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Parshat Ki Teitsei 2017
With 74 mitzvot, our parsha ranks numero uno in terms of quantity. These commandments run the gamut from war to paying workers on time for their work but the one subject that received a lot of attention is male-female relations. And as in psychology, which deals mainly with the pathological, here too most of the relations reported are basically dysfunctional. Not that our ancestors suffered more from dysfunctional families than other nations. It’s just that exceptions need to be explicated.
Here’s an example. A man marries a woman and then finds her distasteful (he hates her). Instead of just divorcing her (regulations for divorce appear later in the parsha), he decides to defame her, claiming she wasn’t a virgin. But her parents kept the wedding night sheets – and so the defamer not only receives a public lashing he also has to pay the parents one hundred pieces of silver for defamation and, the piece de resistance, he can never divorce her.
Isn’t that cruel and unusual punishment for the woman? He is saddled with her but she is bound to him too. How do you think that would play out? He could abuse her, beat her to a pulp. And the cities of refuge were for accidental murderers, not for battered women.
It could also work the other way. Knowing that her loving husband could never divorce her she could retire from the wifely chores of the time – no cleaning, cooking or sharing of his bed. Obviously this could backfire and make him even more abusive. Oh, what happens if the woman really hadn’t been a virgin? She is stoned to death. Very even handed, wouldn’t you say?
As the commentators love to explain juxtapositions, I propose the following connection between the defamer rules and the next rules that appear. If a man is found sleeping with a married woman – both of them are to be stoned to death.
The connection? The defamer can’t divorce his wife but that doesn’t mean he can’t sleep around, and so he finds another playmate. She’s married and unfortunately they are found. Bad news for both of them.
Now if instead of a married women he finds a maiden who is betrothed? This is not a case of consensual sex but of rape. (The first case says ‘they were found’, these cases say ‘the man found her’). If the act occurred in the city – both are to be stoned – she, because she did not cry out for help and he because he was causing anguish to his countryman’s woman. If the act occurred in the field – only he is to be stoned because the woman is given the benefit of the doubt. She screamed for help but no one heard her.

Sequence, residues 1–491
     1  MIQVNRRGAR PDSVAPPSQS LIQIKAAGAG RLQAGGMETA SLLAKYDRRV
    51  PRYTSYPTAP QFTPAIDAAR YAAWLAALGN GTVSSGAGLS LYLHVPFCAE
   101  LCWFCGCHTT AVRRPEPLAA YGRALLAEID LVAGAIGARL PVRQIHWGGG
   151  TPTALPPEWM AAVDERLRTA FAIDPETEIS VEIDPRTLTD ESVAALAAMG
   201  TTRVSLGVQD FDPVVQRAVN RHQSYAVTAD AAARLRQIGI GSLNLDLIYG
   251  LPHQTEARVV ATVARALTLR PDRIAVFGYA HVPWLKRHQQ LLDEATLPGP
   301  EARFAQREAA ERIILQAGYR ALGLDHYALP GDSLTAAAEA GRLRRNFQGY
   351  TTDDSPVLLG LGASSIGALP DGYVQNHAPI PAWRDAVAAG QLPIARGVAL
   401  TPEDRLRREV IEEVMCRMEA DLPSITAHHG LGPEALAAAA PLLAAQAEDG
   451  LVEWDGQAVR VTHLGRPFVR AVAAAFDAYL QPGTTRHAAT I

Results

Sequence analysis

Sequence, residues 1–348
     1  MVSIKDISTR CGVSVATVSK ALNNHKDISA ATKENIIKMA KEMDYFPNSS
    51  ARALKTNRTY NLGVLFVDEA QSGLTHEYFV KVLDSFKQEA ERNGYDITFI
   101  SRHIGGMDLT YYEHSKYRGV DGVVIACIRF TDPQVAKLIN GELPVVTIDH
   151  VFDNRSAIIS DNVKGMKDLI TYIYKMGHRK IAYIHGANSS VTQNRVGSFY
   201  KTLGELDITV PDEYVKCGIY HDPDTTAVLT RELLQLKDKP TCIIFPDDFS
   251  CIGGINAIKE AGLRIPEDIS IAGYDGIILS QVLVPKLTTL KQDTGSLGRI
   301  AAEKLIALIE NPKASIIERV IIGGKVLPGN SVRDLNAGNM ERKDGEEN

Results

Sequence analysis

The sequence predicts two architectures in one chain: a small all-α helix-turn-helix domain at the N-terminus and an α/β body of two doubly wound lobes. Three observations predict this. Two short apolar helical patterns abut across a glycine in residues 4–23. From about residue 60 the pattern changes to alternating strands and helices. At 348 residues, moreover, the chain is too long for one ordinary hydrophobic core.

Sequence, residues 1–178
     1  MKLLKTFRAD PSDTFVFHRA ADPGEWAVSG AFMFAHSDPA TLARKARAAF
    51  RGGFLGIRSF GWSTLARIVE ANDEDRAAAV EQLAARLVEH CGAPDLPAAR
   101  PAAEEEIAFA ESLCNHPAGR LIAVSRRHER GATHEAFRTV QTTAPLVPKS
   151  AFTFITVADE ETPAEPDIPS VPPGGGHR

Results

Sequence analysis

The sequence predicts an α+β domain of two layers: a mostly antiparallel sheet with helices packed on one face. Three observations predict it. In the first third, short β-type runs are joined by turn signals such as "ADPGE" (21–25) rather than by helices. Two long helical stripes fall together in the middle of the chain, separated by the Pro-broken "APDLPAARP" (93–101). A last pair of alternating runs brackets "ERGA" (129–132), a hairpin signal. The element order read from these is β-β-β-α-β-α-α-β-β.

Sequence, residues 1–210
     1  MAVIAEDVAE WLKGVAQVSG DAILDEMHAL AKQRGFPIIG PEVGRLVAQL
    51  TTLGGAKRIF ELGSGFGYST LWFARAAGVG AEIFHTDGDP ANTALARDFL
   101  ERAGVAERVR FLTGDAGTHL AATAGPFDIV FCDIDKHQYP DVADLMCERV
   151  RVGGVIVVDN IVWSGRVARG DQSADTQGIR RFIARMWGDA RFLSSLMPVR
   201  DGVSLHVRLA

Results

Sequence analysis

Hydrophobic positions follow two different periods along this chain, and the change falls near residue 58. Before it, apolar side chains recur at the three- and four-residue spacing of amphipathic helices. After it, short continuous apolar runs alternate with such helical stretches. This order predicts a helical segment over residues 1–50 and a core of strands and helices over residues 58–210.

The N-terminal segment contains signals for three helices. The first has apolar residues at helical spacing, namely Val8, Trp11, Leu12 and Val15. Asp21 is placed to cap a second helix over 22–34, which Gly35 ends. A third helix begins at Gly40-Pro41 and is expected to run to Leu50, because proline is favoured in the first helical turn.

And like the song about the hole in the bucket, the series ends with a man raping a non-betrothed maiden. As with the defamer, he has to pay the parents of the maiden, 50 pieces of silver this time and – guess what, he cannot divorce her for the rest of his life. Back to square one again.
While our highly developed sensibilities of equality and fair play are justly offended by some of these seemingly discriminatory laws, we should remember that in those days most women really did not have freedom and today’s opportunities. A tainted woman (what a quaint phrase!) would not easily find a husband and so forbidding the husband from divorcing her was seen as a progressive and liberal act of protection for her. How times have changed.
Perhaps the most well-known case of man-woman relations in our parsha appears at the very beginning. The beautiful woman captive syndrome. While at war, an Israelite warrior sees a beautiful woman among the captives and falls into lust for her. It seems from the text that he is allowed to sleep with her, perhaps even rape her (because, the rabbis say, the Torah would not promulgate a commandment which people could not uphold such as not raping women during wartime).
But if he wants her a second time, it has to be as his wife. Before marrying her, she has to stay in his home for 30 days, mourning her parents (and perhaps her slain husband), with her head shorn and her fingernails clipped short so that he sees her at her most unappealing. If at the end of the period he still wants to marry her – so be it. If his libido has had a chance to cool down (and perhaps his Israelite wife/girlfriend has had her say), she goes free in payment for all the anguish he has caused her.
The parsha ends with a repetition of the commandment to wipe out the memory of Amalek and all remnants of that nation. So this questions arises: what would happen if an Israelite warrior fighting Amalek espies a beautiful woman there and lusts for her (like a partizan falling for a nazi woman in WW II)? Which commandment would take precedence, Amalek or the beautiful captive? I don’t know.
This short review of the laws of man-woman relations shows that not much has changed in 3000 years in terms of primal urges. Only our reactions to them have been refined a bit, in some cases.
As we barrel towards the High Holidays it is worth keeping in mind that all of our good intentions, should we have any, are merely patches on a primal mind that has been directing our actions for ages and ages. These patches are important but the more fundamental mechanisms must be cleansed as well. And now is the time.